Pilot Study for the Determination of Tumor Response to Chemotherapy in Advanced Non-Small Cell Lung Cancer Through Gene Expression Profiling.
Prior to the start of treatment, subjects will have a complete history and physical
examination and blood tests to evaluate their overall health. The doctor will also obtain a
tissue sample (biopsy) of the tumor taken from the subject's body to evaluate the genes that
are expressed within the tumor. Doctors from the University of Michigan will do an analysis
on the tissue to understand the genetic nature of each subject's tumor. If the subject's
initial surgery or biopsy was done at the University of Michigan, we may already have an
adequate sample of their cancer that could be used for this research. In that case, we
would be asking for their permission to use this sample for this study. However, if
subjects agree to participate in this research study and an adequate sample is not
available, they will need to undergo another biopsy procedure for us to obtain a sample of
A biopsy of a subject's tumor can be obtained from various sites of their body using a
number of different methods. We will select a location that will be the easiest and safest
place to biopsy, and that will provide an adequate sample of tumor tissue. Biopsy sites will
generally be superficial (for example, lymph nodes, skin nodules, chest wall tumors). The
usual method of biopsy will be the placement of a large needle into the tumor to obtain a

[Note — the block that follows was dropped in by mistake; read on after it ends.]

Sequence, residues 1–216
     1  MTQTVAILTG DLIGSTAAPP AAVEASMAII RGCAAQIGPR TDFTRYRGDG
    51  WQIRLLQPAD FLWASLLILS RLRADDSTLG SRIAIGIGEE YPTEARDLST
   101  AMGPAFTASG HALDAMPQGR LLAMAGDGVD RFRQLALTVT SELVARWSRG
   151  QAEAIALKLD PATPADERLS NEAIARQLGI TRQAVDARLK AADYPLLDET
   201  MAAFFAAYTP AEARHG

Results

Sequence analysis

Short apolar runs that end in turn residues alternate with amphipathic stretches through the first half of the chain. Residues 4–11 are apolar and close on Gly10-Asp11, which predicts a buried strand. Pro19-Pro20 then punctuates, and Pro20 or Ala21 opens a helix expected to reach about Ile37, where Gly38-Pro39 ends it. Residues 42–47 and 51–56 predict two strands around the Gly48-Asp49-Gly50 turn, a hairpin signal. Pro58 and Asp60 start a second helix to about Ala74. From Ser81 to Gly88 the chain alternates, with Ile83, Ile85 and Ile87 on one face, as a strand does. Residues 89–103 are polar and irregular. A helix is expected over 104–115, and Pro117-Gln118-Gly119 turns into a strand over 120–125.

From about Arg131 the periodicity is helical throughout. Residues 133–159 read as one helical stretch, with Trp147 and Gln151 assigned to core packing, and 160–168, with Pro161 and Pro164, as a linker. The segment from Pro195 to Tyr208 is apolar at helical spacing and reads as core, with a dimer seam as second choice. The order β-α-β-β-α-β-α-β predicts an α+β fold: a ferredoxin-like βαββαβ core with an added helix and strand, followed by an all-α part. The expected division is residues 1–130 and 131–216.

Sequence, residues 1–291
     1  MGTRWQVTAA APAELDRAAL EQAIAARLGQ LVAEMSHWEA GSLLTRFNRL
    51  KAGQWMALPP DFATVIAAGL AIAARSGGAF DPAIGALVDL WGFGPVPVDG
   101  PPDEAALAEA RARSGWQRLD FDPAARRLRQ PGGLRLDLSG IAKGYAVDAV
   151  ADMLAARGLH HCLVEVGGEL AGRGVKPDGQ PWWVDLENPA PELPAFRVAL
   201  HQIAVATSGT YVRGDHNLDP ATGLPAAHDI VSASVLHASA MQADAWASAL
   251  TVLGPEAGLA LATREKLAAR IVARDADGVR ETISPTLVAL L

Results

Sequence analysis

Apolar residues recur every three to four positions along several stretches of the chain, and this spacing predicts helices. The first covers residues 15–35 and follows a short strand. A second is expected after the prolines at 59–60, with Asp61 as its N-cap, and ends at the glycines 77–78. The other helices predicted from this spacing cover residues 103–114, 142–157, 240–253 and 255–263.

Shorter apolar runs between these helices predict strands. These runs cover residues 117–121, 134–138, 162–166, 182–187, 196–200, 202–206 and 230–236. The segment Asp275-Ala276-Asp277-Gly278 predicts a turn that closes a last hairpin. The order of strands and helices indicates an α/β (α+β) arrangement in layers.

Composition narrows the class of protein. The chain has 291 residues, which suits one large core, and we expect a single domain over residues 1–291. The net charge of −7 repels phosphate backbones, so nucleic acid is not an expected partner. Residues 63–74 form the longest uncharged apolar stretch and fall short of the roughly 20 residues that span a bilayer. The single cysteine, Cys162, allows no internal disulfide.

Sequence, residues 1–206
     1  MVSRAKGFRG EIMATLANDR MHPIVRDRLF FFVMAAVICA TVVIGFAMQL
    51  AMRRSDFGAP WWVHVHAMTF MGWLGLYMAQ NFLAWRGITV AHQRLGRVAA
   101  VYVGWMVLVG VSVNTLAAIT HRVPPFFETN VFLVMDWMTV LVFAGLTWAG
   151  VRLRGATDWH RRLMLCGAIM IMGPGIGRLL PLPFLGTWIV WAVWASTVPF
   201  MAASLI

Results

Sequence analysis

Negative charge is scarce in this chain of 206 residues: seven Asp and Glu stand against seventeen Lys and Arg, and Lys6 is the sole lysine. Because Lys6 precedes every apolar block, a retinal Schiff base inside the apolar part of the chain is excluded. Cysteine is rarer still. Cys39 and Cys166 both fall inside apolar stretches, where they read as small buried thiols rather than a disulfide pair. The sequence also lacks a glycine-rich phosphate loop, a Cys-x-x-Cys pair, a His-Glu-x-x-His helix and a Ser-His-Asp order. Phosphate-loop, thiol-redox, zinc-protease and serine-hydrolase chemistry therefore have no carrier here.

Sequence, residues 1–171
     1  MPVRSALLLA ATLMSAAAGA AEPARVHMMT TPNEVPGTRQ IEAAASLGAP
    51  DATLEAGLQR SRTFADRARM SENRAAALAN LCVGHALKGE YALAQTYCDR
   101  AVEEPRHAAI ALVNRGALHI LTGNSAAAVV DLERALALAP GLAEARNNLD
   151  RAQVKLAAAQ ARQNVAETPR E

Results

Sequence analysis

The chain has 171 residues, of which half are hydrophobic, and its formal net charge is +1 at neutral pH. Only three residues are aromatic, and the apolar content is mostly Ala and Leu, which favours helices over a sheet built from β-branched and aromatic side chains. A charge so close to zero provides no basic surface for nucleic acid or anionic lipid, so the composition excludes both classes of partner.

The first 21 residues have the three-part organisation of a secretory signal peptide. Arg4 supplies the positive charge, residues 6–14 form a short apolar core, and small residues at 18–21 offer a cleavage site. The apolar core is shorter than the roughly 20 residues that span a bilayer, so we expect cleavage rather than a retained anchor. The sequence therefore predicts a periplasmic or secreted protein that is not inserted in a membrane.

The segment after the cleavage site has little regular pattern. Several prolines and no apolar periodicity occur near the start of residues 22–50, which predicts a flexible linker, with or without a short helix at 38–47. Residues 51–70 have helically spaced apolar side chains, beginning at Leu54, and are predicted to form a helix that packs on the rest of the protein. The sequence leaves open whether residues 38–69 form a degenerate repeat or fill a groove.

"core" of tissue. In some situations, we may ask to have a superficial tumor removed in
whole or part by a minor surgical procedure. If neither of these methods can be done safely,
we may place a thin needle into the tumor and aspirate (suck out) some tumor cells for
study. All procedures will be done with local anesthesia (that is, injection of medication
directly into the biopsy site to numb the area prior to biopsy) and appropriate care to
avoid excessive bleeding or subsequent infection. The doctors will explain the specific
biopsy location and technique that fits each subject's situation to them in detail prior to
the procedure. They can decide not to go through with the biopsy and withdraw from this
research trial at any time.
Subjects will then be given carboplatin and paclitaxel intravenously (through a vein) over 2
hours. This will be repeated every three weeks for a total of six to eighteen weeks. Three
weeks is considered a "cycle" and each subject will receive 1 to 6 cycles depending on how
their tumor responds and how the treatment is tolerated. Treatment will be stopped if the
tumor gets worse or if a subject develops unacceptable side-effects.
Physical examinations, blood tests, and x-rays and/or scans will be done routinely during
the therapy so the doctor can check the subject's body and your tumor response to treatment.
Blood samples, consisting of 2-3 teaspoonfuls (10-15 cc) each, will be obtained twice every
three weeks during the study to evaluate the effect of the treatment on their blood counts,
blood electrolytes, liver and kidney function.
Allocation: Non-Randomized, Endpoint Classification: Safety/Efficacy Study, Intervention Model: Single Group Assignment, Masking: Open Label, Primary Purpose: Treatment
The ultimate goal of this study is to identify a tumor molecular profile using gene expression microarray data that is associated with responsiveness to carboplatin and paclitaxel.
Greg Kalemkerian, MD
University of Michigan Cancer Center
United States: Institutional Review Board
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